5 Some of their efforts are wildly successful. Many more campaigns that seem like they should be winners fall surprisingly flat. The campaigns that fail are often the most puzzling the polling data show strong public support for many of these issues. Yet when advocacy groups ask people to demonstrate that support, they are met with deafening silence or find their issues coopted by the opposition. Too often, groups speak from their own perspectives, with their own vocabulary, and fail to consider the environment, language, perspective or character of those they need to engage. Without this consideration, they fail to persuade their target audiences to do more than pick up the phone and respond to a public opinion poll. Polling data alone does not create social change. It is only when people are motivated by the sentiments expressed in these polls that we see action and, ultimately, change. In 2003, on behalf of the Communications Leadership Institute (CLI), Spitfire Strategies produced the Spitfire Strategies Smart Chart planning tool. The Smart Chart aims to help nonprofit organizations and the funders that support them plan and execute communications efforts that support social change. Thousands of organizations have used this tool. This report builds on the Smart Chart and focuses specifically on strategies for mobilizing concerned people to supportive action by identifying and leveraging their activation points. We focused on studying issues that had high public support as demonstrated through public opinion polls but didn t have the action to back up that support. It is not enough to simply educate an audience. For issue after issue, we found that audience targets were knowledgeable and did care, but often did nothing. An organization s messages must build will in order to spur action. What does it take to build will? How does one know what s important to a target audience? What needs to be reinforced to increase the likelihood that they will act? Answering these questions requires a much deeper look at the art of persuasion. To build will, the messaging must convince people that action is a good thing. To spur action, the messaging must reinforce the idea that it will result in something that is important to and will benefit the target audience. If corporate America can successfully get people to buy Hummers that are nearly impossible to park and cost a fortune to fuel, surely well-meaning organizations can get consumers to take a more active role in issues that impact their daily lives. Yet without eliciting desire and motivation from the people needed to move an issue forward, social-change groups will continue to find fighting the good fight an uphill battle. Persuasion can help groups find level ground faster. 3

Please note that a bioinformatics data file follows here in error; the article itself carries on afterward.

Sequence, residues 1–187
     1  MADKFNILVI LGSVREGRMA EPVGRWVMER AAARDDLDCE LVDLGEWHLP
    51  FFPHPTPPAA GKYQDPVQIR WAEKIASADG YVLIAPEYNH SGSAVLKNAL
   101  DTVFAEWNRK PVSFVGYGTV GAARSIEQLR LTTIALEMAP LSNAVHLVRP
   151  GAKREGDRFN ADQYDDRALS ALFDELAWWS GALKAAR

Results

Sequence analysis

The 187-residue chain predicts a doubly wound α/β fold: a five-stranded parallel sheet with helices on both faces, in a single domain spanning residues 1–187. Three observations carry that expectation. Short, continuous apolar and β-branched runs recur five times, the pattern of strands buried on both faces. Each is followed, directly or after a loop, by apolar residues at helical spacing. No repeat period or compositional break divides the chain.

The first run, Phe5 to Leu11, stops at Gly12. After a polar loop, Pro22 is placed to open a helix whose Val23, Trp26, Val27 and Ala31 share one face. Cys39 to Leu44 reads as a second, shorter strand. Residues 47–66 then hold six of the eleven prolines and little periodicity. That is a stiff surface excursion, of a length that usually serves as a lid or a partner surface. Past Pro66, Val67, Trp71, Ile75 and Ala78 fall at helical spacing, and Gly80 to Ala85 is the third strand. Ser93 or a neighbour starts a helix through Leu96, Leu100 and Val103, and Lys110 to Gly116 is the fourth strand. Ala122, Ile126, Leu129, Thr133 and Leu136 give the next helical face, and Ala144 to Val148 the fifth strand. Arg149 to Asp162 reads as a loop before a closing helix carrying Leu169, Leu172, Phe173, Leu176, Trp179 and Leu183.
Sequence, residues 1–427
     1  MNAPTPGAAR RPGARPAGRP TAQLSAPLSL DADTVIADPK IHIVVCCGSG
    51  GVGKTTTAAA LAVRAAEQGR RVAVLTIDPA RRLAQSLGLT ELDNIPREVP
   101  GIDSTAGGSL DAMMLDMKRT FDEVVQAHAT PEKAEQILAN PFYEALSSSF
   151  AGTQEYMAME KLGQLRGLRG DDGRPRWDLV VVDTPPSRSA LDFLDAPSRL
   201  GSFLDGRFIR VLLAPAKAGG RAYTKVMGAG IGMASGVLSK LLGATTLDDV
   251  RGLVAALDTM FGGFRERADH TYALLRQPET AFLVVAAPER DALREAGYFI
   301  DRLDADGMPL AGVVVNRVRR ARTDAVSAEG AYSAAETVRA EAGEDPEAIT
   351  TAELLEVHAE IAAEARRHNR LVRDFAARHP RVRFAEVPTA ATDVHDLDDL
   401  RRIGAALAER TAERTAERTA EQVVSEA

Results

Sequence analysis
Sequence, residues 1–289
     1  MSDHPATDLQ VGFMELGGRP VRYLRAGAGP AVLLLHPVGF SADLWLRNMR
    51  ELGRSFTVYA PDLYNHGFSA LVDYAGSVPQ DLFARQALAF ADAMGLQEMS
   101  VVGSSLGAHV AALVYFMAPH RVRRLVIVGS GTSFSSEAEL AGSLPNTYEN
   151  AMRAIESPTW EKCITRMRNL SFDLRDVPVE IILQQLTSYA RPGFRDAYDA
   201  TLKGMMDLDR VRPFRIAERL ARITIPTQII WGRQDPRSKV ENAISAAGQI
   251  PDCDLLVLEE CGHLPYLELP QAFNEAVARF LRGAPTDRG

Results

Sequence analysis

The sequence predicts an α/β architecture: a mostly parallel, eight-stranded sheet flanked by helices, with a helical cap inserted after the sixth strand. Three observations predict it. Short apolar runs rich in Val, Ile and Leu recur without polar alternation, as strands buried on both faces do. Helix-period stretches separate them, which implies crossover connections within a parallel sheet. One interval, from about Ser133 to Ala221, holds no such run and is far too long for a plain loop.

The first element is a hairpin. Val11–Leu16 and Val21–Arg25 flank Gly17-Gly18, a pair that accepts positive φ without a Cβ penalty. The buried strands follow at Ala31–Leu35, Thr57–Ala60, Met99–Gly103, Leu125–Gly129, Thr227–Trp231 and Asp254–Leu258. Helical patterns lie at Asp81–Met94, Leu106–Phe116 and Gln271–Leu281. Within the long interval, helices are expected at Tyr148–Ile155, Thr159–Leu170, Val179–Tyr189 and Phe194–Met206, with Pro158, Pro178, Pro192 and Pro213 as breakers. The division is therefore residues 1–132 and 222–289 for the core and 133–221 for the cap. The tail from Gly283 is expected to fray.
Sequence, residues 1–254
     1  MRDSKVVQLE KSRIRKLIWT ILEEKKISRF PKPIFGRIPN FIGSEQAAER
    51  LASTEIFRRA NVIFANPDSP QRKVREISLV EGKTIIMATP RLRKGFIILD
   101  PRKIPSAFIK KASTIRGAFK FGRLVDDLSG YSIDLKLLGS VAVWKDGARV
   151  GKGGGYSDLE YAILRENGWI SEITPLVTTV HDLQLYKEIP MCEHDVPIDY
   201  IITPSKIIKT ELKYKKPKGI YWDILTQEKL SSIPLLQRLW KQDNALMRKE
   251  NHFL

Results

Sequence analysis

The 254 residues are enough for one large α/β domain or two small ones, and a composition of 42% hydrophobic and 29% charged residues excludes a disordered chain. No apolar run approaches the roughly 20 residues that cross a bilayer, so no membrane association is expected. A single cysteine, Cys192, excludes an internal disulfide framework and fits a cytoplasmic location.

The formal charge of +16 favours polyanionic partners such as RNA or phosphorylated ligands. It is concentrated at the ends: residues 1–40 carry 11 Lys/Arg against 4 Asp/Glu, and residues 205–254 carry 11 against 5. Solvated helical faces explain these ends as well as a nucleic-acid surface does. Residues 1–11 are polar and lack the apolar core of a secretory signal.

6 Persuasion Is Not A Dirty Word When asked about their misgivings as to persuading audience targets to do what they want them to do, nonprofit organizations all gave a similar response: We don t want to manipulate people. Somewhere along the way, persuasion has become synonymous with manipulation. Yet they are two quite different things. Organizations don t want to manipulate people; they do want to persuade them. Creating social change means persuading people to act. Without action, there can be no change. This often means asking audience targets to take action outside their comfort zones that will have positive ramifications for them later on. Target audiences are more likely to respond if they believe there is something in it for them. In creating this document, we ve embraced that assumption: Being persuasive is not only a good thing but in fact social change depends on it. Persuasion doesn t just happen. It must be planned for and accompanied by a set of proven best practices. The basic tenets of good persuasion have been studied and supported over the years by psychologists, academics, corporate advertisers and others. However, many organizations still fail to actively consider how to make persuasion a key part of their social-change campaigns. Franklin D. Roosevelt provides a good example of why planning for persuasion is necessary. During World War II, ordinary Americans were asked to make enormous sacrifices. Many felt there was no end in sight. At times there was a strong sense of hopelessness. One of the ways Roosevelt persuaded people to continue their support for the war effort was to keep them informed and engaged. He persuaded them to remain supportive by reminding them what was at stake and why we were doing the things we were doing. He respected their intelligence when approaching them. In her book No Ordinary Time: Franklin and Eleanor Roosevelt, the Home Front in World War II, Doris Kearns Goodwin writes: Before a fireside chat Roosevelt told his speechwriters he was going to ask the American people to have a map of the world before them as they listened to him speak. I m going to speak about strange places that many of them never heard of places that are now the battleground for civilization.i want to explain to the people something about geography, what our problem is and what the overall strategy of the war has to be. I want to tell it to them in simple terms of ABC so that they will understand what is going on and how each battle fits into the picture. If they understand the problem and what we are driving at, I am sure that they can take any kind of bad news right on the chin. Rich Neimand a founder of the advertising and consulting firm BatesNeimand and one of the many advisers who contributed insights to this paper highlights several important lessons from this story for organizations to consider. 4